Taiwan on Tuesday thanked the United States Congress for approving the Asia Reassurance Initiative Act that besides deepening US engagement in the Indo-Pacific region also reaffirms Washington's firm support to the island.

The Taiwanese foreign ministry in a statement said the government would continue to maintain close ties with the relevant US administrative agencies to strengthen bilateral relationship.

The statement said Taiwan shared common values and objectives in the region with the US and was willing to cooperate with Washington and other allies to jointly promote peace, stability and prosperity in the Indo-Pacific region.

It said the US move was a clear demonstration of the support of the two chambers to further enhance bilateral relations and promote regional peace and stability.

The new act supports strengthening political and economic ties with Taiwan and providing support to counter any attempts to change the status quo in the Taiwan Strait which includes the maintenance of Taiwanese autonomy against China.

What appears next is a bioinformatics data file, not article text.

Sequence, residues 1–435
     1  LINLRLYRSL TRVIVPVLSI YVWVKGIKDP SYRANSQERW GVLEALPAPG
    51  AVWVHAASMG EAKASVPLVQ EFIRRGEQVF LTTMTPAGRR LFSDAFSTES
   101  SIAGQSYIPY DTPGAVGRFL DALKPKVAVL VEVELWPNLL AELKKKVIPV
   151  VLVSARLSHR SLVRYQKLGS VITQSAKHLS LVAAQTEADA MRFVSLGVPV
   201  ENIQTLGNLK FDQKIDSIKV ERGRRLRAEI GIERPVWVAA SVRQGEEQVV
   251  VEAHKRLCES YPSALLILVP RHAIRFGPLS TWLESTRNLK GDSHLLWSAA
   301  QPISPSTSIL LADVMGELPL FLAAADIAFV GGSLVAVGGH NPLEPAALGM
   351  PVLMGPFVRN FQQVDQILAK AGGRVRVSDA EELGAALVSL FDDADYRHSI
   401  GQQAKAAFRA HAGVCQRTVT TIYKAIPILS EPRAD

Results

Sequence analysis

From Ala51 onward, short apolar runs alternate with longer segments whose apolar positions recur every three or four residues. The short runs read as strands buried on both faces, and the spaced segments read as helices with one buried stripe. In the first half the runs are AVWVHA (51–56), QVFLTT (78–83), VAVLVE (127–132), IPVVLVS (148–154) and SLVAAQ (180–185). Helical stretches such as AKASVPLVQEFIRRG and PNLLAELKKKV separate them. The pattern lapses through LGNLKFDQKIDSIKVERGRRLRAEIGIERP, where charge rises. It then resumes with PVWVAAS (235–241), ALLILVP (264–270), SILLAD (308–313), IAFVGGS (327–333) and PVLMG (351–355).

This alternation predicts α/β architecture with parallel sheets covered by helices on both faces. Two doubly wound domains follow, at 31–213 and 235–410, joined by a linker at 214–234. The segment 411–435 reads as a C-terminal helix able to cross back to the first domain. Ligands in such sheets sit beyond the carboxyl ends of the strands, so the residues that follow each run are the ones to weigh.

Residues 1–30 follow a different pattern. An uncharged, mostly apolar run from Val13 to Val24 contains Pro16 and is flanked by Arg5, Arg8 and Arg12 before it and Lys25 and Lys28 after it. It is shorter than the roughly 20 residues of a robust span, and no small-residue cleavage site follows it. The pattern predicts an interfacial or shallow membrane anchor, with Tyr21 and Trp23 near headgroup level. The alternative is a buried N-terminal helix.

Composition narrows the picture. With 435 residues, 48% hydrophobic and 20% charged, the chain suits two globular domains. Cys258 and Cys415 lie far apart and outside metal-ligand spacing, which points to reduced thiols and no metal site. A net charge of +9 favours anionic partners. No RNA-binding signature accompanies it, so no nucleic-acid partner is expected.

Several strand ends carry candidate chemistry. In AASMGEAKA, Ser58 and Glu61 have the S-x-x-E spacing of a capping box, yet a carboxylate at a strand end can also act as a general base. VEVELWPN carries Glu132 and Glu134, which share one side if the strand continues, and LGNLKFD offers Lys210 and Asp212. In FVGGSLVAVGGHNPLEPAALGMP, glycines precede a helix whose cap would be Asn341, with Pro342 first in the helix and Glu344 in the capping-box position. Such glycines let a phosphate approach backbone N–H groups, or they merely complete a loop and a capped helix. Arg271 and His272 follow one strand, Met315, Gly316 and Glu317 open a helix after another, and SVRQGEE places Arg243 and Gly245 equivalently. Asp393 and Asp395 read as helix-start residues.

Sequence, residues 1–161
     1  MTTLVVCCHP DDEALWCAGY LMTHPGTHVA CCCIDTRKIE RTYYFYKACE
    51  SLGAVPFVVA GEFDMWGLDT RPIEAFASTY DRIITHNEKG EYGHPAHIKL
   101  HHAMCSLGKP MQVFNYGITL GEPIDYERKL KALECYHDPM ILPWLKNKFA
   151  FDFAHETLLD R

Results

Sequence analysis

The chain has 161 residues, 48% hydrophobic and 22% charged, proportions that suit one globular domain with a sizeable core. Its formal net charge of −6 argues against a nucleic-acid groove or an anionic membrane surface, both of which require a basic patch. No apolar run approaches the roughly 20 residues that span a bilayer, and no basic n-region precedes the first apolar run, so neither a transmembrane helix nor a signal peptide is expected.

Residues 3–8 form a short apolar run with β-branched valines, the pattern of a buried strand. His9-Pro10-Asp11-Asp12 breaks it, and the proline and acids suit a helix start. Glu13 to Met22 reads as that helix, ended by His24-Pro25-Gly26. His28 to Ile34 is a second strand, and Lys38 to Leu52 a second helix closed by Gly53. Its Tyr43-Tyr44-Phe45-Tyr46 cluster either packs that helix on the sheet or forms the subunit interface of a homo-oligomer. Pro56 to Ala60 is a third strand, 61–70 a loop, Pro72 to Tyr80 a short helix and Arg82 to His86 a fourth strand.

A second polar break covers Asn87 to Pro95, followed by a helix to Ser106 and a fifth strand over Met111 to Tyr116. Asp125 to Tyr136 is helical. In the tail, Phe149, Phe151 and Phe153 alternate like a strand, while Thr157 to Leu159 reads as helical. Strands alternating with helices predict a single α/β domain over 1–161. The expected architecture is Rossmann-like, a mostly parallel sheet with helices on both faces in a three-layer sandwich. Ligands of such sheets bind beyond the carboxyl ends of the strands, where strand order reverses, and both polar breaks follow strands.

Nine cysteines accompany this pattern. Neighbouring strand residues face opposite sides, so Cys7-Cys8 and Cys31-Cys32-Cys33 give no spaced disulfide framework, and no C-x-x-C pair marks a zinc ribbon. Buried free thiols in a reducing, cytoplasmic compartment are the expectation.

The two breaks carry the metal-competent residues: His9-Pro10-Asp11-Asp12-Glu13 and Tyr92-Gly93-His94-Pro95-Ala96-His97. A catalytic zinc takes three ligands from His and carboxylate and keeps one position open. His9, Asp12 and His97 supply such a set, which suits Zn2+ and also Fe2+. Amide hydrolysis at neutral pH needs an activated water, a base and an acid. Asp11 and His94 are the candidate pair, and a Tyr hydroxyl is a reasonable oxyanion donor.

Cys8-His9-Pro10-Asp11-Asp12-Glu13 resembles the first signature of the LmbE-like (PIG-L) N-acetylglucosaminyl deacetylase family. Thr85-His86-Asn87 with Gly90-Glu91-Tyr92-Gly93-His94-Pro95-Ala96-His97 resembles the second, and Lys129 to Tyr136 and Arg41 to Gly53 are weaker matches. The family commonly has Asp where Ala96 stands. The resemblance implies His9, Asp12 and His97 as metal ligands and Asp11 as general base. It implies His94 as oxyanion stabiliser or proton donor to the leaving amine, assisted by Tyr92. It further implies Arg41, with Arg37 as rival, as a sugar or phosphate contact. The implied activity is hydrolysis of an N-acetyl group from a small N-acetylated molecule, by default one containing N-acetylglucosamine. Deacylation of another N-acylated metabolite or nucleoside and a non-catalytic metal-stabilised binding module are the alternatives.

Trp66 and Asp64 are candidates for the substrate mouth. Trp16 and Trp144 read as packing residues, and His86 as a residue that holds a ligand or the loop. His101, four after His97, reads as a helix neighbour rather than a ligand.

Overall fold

The act, which is designed to serve as a political framework to reinforce Washington's leadership in the Indo-Pacific region, was approved by the US Senate on Dec.5 and then by the House of Representatives on Dec. 12.

It now awaits President Donald Trump's signature for it to come into effect.

The ARIA initiative follows the approval of the Taiwan Travel Act at the beginning of the year which allows visits to be made by senior Taiwanese and American officials.

It reaffirms US commitment to maintaining Taiwan's security through the Six Assurances of 1982 - an informal set of guidelines on ties between the two sides.

In the Six Assurances, former US President Ronald Reagan promised not to set a deadline for selling defense weapons to Taiwan or alter the terms of the Taiwan Relations Act of 1979.

He also pledged not to consult China before making decisions on arms sales to Taiwan, not to mediate between the two sides of the Strait, not to change its position on Taiwan's sovereignty nor force the island nation to enter into negotiations with China.